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Taking back your life after addiction is powerful. You fought and worked hard on yourself to better understand your mental health issues and triggers. You took the time to receive the support you needed to get sober, healthy, and happy. However, recovery is a long-term process. You do not just leave treatment and never face triggers or temptation again. One major area that many people in recovery need to think about is their employment after treatment. Some of us will especially notice how stressful our jobs are after becoming sober. How you handled daily stress will probably look different now that you are leading a sober lifestyle. Taking back your life from addiction is a process. Learning how to handle situations comes with support from a mental health professional and time. Here are a few things to think about if you find your workplace stressful. 


Track Your Stressors


Try to keep track of your stressors. Journaling is a wonderful way to track stressors, watch for patterns, or monitor your moods. It is essential to fully understand your stressors to learn to better manage and take care of your mental health. You worked so incredibly hard to get sober; take the necessary steps and precautions you need to help yourself stay healthy and on the right track towards the goals you have set. If you are feeling stressed at work, keep track of the moments you feel the most anxious. What were you doing? Was anyone involved? You may start to notice patterns. When we see our patterns, we can either work to change the situations or how we respond in those situations. 


Speak With Workplace Superiors


You have an entire team rooting for you. Your superiors at work probably don’t want you to feel stressed and anxious. There is a good chance they want you to succeed and enjoy your job. They want to support you. Learning to speak up can be very hard for some people. Being able to do so, however, is a powerful skill to have. Talk with your superiors at work about how you are feeling, what causes you stress, and possible ways to eliminate that stress. You will feel so much better by simply talking about what bothers you. 


Establish Healthy Responses


Every single job will come with some sort of stress at one point or another. It is unrealistic to think you will never experience stress after going through treatment. However, how you respond to that stress is what will affect your sobriety and mental health. Establishing healthy responses to stress is an important skill to have. Everyone is different and will require different responses. Maybe you will determine that you need to take a walk on your lunch break during highly stressful days. Take time to experiment on what your mind and body respond best to. Maybe you will enjoy yoga or meditation after a long workday. Others may find joy in reading, games, or simply relaxing watching their favorite television shows after work.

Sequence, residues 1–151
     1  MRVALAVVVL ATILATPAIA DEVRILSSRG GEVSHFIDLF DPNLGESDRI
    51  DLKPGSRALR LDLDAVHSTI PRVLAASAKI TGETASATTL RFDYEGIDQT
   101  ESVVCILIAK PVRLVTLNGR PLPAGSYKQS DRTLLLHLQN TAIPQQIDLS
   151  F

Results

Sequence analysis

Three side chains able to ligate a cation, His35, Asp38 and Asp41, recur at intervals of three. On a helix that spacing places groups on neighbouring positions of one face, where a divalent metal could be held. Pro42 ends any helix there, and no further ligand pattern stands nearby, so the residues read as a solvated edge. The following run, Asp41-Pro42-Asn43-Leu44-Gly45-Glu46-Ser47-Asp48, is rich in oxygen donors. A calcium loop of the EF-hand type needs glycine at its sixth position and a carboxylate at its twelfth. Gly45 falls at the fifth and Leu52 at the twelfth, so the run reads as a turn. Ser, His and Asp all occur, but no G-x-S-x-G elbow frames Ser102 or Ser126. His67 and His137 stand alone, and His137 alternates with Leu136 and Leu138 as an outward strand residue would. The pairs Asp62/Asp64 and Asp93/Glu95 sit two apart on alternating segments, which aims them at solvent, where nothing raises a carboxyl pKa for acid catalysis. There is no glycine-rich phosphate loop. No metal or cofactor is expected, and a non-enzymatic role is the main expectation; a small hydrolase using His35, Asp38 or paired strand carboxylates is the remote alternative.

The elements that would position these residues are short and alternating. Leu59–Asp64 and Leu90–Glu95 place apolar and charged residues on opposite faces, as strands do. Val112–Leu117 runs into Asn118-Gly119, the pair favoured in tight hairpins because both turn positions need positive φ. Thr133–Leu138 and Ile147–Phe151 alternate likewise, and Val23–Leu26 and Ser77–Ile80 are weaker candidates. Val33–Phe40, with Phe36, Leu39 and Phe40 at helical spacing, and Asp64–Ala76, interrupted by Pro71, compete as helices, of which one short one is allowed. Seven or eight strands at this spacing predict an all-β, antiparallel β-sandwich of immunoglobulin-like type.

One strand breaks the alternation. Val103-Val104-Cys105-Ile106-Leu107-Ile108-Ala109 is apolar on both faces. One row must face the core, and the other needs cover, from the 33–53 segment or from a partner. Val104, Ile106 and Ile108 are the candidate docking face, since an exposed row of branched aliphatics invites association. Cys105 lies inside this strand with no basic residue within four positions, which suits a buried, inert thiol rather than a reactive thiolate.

Take Time to Recharge and Relax


Relaxation is a wonderful way to combat workplace stress. If you do not learn how to recharge, you will become overwhelmed and burnt out. These feelings can be dangerous as you manage your mental health and sobriety. Take the time to try new activities. Your relaxation is going to look different than it did before when you were in active addiction. Try to remember that you are rediscovering who you really are. Addiction consumed and changed you. Now you have the power to become exactly who you were always meant to be. You might be surprised at what activities appeal to you now.


Connect With Your Support Circle


Support during recovery is essential. Everyone needs support. If you are experiencing stress at work and are beginning to feel overwhelmed, reach out to your support network. Whether you talk to friends, family, or a mental health professional, it can be a great relief to talk through feelings. Learning when to reach out for support is a big part of recovery. So often, we think that if we need support or help, it means we are struggling or not able to handle our situations. In reality, just because you reach out for support or connection does not mean you are failing. Others can help you see solutions that you may not see and remind you of your strength and capabilities. 


Managing your workplace stress is a large part of a long-term recovery plan. Learning to work through stress is essential to maintaining your sobriety and overall well-being. When we feel anxious and overwhelmed, it can be easy to fall back into old coping mechanisms and unhealthy choices. Try to be open and honest with your workplace superiors about how you feel. You may also find it comforting to talk with those you love about what you are experiencing. Work on finding stress-relieving activities where you can recharge for the next day. Here at The Guest House, we know that everyone has unique goals and needs different levels of support. We are professionals with extensive experience helping people down the path of recovery. We are here to help and support you regardless of where you are in the recovery process. Call The Guest House today to learn more about our treatment options and how we can support you at (855) 483-7800